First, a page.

This seems to say something important about intelligent, experienced people, and their ability to fully realise their own shortcomings. Cognitive dissonance is that rather uncomfortable feeling we get when our beliefs and the sheer truth of a matter collide, and can’t be reconciled without some kind of compromise.
As Juliet Bourke Deloitte Human Capital Partner and author of Two heads are better than one says: ‘Leaders find it hard to connect their mindsets and behaviours (individually and as a collective) to organisational culture outcomes.’[i]
When we believe we do a great job, and yet something profound has gone wrong, something has to give. When things have gone wrong, they can often be explained through mistakes, or bad apples, or the system, or complexity.
After all, as we say, these things happen.
There is little doubt that boards and senior management will hear more. APRA’s follow-ups will include its remuneration paper in mid-2019, the strengthening of prudential expectations, and potentially higher operational risk capital requirements on some organisations.
The BEAR regime will expand to superannuation and insurance, and APRA will consider more targeted thematic reviews on governance, accountability and culture.
If they have not already had feedback, boards should expect to hear from APRA soon with its thoughts on whether their self-assessment was sufficiently self-critical in light of the weaknesses they themselves identified. Some will need to justify, or provide APRA with more insights on, their own findings in their self-assessments.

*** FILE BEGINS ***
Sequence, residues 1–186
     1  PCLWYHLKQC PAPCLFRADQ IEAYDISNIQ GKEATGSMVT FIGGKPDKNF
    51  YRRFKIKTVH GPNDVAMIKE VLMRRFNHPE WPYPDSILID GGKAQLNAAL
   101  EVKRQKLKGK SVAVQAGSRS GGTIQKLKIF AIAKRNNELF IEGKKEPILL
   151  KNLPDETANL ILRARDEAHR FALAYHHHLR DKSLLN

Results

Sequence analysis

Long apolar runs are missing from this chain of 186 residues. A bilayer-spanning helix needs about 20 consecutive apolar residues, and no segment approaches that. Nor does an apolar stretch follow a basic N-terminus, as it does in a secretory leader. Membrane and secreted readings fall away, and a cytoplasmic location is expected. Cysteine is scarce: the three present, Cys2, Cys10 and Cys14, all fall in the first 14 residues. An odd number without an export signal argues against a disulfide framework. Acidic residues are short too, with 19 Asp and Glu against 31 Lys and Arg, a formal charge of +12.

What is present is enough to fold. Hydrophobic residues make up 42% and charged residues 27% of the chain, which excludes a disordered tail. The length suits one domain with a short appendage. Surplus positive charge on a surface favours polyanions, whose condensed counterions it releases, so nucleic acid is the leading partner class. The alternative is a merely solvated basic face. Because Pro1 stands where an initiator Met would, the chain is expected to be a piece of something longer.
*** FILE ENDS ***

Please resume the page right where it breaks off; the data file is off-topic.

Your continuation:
Organisations and leaders with the self-awareness and humility to see something of themselves in what has gone wrong on their watch and elsewhere in the industry, will ultimately set themselves apart. This is what will speak volumes and transform culture and accountability in an authentic and impactful way. But it requires the courage of leaders to look beneath the ‘what’ and examine the ‘why’. This will in effect, mean they may need to seek out and face into their own failings with stark clarity and honesty - and then begin the hard road of resetting both their direction and their views of themselves.
[i] In research on inclusive leadership with a 4,100 strong global survey of employees, Bourke and Andrea Espedido found that only a third of leaders (36%) saw their leadership capabilities as others did, another third (32%) overrated their capabilities and the final third (33%) underrated them. Even more importantly, rarely were leaders certain about the specific behaviours that actually have an impact on being rated, in this instance as more or less inclusive.
Rosalyn is a partner in Deloitte's Melbourne office in the Governance, Regulation and Conduct practice. She specialises in supporting firms to design and assess frameworks to treat customers fairly, including the development of conduct, product governance, sales practices and complaints handling frameworks.